I recently attended a lecture by Robert Jensen, noted radical feminist, anti-pornography activist, and one of the producers of The Price of Pleasure, an anti-porn film that I’ve written about here and here. I went because I wanted to see what he was like in person. I’ve read some of his work, and I figured it would be useful to check his talk out.
A Little Background
Jensen’s lecture was hosted by St. Mary’s College in Moraga, CA. It’s a Catholic college, so perhaps I shouldn’t have been surprised that the name of the lecture series was “Defining You”, rather than something that conveys a message of “helping you define yourself.” Not that that has anything to do with Jensen directly, but it does set the stage for his perspective on porn.
There were about 90-100 people present. Almost all of them looked female, most of them appeared White, and there was quite an age range. Several college students came with their mothers, to judge by conversations I overheard.
I decided to record the lecture because I wanted to be able to quote Jensen accurately. Anything that appears in quotes below is what he said verbatim, although I cleaned up any extraneous ums and such. There weren’t many of those, however, since Jensen is an excellent speaker.
Right at the start, Jensen began by thanking St. Mary’s College and the Women’s Resource Center for giving him an excuse to get out of Texas. Apparently, he thinks it’s important to make it clear that although he teaches at the University of Texas, he’s not a Texan. I’m a little curious about that, especially since he reiterated it at the end, as you’ll see later.
Jensen then explained that he wasn’t going to show any images of the porn that he planned to discuss. I think this was great since it’s important to make sure that the audience knows what it’s getting. But he took that as an opportunity to do something interesting. Here’s what he said:
“First is to let you know that I’m not going to be showing any images, no actual pornography. I get different kinds of reactions. Sometimes, the women in the audience breathe a sigh of relief. And sometimes, the men say ‘oh, too bad. No porn. That’s why I came.'”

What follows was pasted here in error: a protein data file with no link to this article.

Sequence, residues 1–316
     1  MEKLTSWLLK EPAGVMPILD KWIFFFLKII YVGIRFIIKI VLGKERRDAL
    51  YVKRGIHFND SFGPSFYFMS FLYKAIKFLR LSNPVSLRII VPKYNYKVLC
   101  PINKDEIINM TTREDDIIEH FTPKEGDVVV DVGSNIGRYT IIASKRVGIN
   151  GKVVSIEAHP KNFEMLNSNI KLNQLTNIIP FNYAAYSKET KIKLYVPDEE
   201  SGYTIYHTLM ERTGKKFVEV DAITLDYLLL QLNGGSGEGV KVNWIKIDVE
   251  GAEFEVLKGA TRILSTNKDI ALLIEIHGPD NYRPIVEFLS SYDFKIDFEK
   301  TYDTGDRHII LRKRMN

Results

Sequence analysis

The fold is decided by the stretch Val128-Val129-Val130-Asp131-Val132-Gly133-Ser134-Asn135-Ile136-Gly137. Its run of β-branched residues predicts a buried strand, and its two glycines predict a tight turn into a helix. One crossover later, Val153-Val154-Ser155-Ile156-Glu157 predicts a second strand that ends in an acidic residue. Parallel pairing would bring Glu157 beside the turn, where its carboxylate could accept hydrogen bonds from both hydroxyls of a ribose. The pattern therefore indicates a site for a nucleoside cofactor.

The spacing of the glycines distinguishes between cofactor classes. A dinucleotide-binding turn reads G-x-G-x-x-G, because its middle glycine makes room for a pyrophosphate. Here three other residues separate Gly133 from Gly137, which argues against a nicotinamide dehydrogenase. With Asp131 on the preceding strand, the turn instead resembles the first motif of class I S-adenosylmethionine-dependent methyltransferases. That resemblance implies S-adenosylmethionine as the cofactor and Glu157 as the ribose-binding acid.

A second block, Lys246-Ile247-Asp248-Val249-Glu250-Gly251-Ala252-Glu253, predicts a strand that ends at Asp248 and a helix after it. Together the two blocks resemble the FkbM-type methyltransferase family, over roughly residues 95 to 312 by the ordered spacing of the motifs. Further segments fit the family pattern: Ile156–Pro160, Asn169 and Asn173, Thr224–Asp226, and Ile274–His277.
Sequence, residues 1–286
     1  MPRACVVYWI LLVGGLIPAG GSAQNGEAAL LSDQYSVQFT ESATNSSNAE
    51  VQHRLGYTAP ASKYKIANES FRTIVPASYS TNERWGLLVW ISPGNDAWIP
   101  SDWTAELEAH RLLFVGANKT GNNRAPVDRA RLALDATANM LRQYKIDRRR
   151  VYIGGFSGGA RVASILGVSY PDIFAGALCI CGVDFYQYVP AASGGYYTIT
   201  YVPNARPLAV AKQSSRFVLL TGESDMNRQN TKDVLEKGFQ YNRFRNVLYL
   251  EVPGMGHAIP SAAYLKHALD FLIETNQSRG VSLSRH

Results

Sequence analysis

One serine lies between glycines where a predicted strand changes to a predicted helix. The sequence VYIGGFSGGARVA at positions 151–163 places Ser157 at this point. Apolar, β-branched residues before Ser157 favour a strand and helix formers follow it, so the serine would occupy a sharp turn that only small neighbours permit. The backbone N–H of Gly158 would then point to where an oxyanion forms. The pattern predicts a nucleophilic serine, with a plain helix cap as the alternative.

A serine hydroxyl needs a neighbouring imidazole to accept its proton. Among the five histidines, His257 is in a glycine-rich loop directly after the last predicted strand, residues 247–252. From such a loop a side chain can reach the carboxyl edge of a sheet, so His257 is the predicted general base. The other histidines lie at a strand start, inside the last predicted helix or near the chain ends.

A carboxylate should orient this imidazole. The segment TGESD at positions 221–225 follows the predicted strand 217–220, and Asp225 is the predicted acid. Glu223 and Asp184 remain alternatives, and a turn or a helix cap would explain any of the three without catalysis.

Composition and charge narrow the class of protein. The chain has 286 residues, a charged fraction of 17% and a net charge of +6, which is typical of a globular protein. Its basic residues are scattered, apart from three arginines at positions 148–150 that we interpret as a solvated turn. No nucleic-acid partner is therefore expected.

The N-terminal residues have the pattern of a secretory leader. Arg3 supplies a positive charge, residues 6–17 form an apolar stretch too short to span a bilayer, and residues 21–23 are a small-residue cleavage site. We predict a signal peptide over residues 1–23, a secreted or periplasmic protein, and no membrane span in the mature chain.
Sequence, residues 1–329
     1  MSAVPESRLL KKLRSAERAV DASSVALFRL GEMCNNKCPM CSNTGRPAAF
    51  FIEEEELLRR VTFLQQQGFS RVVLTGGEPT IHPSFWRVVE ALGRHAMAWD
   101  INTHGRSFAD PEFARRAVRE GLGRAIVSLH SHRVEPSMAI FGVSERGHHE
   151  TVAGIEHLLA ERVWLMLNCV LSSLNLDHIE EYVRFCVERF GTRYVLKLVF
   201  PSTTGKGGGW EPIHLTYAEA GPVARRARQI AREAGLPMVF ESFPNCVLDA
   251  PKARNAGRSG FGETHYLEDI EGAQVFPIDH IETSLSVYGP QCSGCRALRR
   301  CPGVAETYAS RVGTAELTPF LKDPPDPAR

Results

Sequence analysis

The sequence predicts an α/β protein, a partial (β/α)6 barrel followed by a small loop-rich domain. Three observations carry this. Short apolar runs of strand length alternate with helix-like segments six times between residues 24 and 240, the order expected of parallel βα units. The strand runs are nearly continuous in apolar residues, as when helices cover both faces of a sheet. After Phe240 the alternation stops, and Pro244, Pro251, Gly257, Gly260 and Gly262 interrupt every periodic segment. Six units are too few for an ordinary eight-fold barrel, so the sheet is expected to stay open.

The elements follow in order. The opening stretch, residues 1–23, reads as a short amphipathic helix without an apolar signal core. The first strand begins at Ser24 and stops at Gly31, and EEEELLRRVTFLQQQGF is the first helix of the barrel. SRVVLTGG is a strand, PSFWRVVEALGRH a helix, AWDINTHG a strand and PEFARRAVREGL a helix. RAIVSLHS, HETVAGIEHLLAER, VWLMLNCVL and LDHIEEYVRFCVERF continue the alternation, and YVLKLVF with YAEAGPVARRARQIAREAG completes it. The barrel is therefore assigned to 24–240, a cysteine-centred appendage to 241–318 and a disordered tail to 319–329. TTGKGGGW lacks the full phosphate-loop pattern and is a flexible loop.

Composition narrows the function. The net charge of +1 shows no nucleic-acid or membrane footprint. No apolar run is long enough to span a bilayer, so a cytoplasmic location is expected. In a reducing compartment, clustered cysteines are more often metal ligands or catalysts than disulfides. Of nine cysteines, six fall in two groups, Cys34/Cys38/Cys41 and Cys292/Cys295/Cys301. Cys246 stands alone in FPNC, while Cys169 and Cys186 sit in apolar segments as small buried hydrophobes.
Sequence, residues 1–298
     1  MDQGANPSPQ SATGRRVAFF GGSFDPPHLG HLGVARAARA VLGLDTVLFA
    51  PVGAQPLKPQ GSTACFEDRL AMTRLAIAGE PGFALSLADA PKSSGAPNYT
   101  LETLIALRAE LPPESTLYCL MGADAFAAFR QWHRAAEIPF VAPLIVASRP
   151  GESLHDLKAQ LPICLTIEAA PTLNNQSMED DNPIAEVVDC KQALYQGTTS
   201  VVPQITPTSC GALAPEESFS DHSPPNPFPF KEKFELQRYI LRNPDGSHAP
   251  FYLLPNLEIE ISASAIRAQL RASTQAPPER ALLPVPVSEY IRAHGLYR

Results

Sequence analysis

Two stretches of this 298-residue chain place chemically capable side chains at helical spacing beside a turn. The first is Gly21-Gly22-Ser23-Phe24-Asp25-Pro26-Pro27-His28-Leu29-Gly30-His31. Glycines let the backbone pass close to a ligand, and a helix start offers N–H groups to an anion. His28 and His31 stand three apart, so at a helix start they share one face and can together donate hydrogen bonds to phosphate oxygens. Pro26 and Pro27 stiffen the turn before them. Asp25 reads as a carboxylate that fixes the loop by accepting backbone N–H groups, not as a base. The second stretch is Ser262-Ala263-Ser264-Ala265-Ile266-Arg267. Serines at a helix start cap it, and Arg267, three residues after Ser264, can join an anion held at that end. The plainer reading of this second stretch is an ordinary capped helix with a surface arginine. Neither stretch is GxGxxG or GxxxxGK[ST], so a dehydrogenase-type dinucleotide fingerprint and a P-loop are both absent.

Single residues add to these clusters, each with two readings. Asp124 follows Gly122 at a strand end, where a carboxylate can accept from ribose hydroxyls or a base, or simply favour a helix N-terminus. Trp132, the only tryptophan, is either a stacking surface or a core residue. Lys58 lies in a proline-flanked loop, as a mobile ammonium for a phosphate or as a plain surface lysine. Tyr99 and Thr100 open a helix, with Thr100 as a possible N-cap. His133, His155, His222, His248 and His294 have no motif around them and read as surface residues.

He then shared a story of one time that he said the same thing and three “big guys” who had sat in the front row looked at each other and left.
I’ll take him at his word that a few men come to his talks with the expectation of watching porn for free. I don’t think it’s all that common, and I’m willing to bet my house that it doesn’t happen nearly as often as the frequency with which women feel anxiety at the prospect of seeing explicit images or relief when they hear that they won’t. Leaving aside the possibility that some men might also feel relief or that some women might enjoy the sorts of porn he talks about, this was a pretty slick thing that Jensen did. He managed to imply that men come to his talks in order to see porn as often as women feel relief about not watching porn.
Of course, he didn’t say that in so many words, but to put those two ideas so closely together with the same qualifier (not, for example, saying that “every now and then, a few men say ‘oh, too bad. No porn. That’s why I came.'”), made it sound like those two things are comparably frequent. It’s like the patter of a three card monte dealer, distracting you so you don’t notice the sleight of hand. Since it made some of the women laugh, it looked to me as if he was creating group cohesion among the women at the expense of the men present. It also made me wonder how many of the women in the room were considering whether my motivation for coming to the lecture was to watch free porn, and what effects that has on Jensen’s audiences.
After a brief disclaimer about why a man is talking about feminism, explaining that he’s using a feminist critique rather than a religious critique (an especially useful distinction to make at a Catholic university), and situating himself in the lineage of Dworkin and Dines, Jensen further built cohesion among the women at the cost of the men’s safety.